When asked what advice she would give upstart entrepreneurs trying to get into the federal marketplace, Vasques had several nuggets of wisdom. First, “…the big message to people stepping into this world is to trust and verify.” Early on, she had had a partner that turned out to be more interested in growing his own entrepreneurial effort off her performance than promoting Tribal Tech that left her cautious about who she has brought in to help her run the business, as well as who she chooses to bid with or otherwise collaborate with.

Second, and somewhat related to the first, she emphasized that in a small business, the president has to have his or her hands in every pot – “to know everything from A-Z” going on in her own shop, from executive management to finances, human resources, even IT, to ensure success.

“You can never get too far down into the weeds. Once I made the switch and had 100 percent knowledge in all of those areas, things took off,” she elaborated, adding, “I will never let [those things get away from me] again.”

Finally, but no less importantly, Vasques is a huge advocate of the Small Business Administration’s 8(a) program, and advises everyone considering getting into the federal space to get certified as soon as possible. The education, training, and technical support the SBA offers can be the difference between success and failure for small businesses, and while the program is generally free or at very low cost, the education and mentorship available through the program is priceless.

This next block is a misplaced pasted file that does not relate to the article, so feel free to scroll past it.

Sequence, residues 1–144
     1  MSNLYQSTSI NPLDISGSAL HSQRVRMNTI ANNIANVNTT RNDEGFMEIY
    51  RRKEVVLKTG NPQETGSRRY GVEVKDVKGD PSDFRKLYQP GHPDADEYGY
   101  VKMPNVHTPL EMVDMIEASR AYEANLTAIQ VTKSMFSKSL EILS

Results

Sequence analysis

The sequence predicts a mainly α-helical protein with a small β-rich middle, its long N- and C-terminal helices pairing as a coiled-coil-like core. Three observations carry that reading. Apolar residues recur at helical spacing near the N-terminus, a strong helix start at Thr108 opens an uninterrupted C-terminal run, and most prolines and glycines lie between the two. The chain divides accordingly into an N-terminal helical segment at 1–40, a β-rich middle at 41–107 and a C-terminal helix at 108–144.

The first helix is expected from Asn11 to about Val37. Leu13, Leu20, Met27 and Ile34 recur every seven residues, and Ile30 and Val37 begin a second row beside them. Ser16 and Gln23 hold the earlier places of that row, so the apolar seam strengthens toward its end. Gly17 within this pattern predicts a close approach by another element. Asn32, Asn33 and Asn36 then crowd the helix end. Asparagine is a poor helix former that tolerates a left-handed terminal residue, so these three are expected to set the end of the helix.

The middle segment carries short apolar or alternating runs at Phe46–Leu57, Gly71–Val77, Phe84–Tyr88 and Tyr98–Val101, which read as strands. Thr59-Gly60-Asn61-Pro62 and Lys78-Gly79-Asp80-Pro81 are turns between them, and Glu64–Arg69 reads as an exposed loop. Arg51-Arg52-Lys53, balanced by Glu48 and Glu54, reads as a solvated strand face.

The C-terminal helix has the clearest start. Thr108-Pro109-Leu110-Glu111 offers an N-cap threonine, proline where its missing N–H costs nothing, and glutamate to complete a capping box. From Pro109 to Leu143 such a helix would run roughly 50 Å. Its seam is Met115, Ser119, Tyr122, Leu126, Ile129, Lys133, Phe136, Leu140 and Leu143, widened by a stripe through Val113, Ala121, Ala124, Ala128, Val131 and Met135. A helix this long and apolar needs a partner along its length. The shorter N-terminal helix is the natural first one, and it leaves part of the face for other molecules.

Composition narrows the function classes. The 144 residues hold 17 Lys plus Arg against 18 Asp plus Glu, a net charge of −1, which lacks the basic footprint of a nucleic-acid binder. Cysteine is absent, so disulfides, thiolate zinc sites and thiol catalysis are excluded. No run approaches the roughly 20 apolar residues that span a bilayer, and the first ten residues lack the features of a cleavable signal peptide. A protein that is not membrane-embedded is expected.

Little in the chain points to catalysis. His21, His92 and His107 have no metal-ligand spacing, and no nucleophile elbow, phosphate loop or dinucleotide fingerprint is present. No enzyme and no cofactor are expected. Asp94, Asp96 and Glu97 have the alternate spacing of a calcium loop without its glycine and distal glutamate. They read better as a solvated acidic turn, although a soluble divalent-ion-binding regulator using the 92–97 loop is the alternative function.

As to how to make building a business work when you don’t have startup capital or the pension and savings that Vasques had to keep her afloat while building Tribal Tech, she counsels having “a little nest egg,” but consulting on the side to build past performance—as long as it doesn’t conflict with any contract you hold with your employer. “Definitely go after what it is that you do and do it well, do what is true to you. If you have a passion, go after it! Stay true to who you are, and be truly committed.” She concedes that it’s a “110 percent effort…and one you have to be 100 percent engaged in every day,” but one well worth it.

When asked what advice she would give to tribes as the casino sector becomes saturated, she wondered aloud whether “tribes with elders and members in charge….are really looking at the future of our community.”

“I know that they care, but financially there’s a disconnect, maybe because they didn’t grow up like I did” – with one foot in metro Los Angeles and the University of California system, and one accompanying her father to the Diegueno of the San Pasqual Band of Mission Indians reservation as a child. She worries that tribes aren’t looking at what they could do with casino proceeds and per capitas they are paying to members.

“We want to show our younger folks that they can be entrepreneurs,” but concedes that it is not fast money.  Vasques is a strong advocate for internships that help young people understand how they want to use their education – or not – and she would like to see more businesses and tribes sponsoring internships to give youth that opportunity.

Vasques’ final piece of advice? “Don’t get greedy or you’re going to fail!” As an 8(a) Tribal Tech has the right to 51 percent of the work, but that doesn’t mean that you have to have it all, according to Vasques. Spread the wealth around because it makes for good partnerships and translates into work as other small businesses look to collaborate on larger bids.

In spite of her credentials, Vasques herself is humble. She credits her very small, but elite, passionate, and dedicated management team and staff with Tribal Tech’s success. “People, Performance and Partnership” are her watchwords – and keeping those ideals in front of her drive her passion for success – for herself and for others.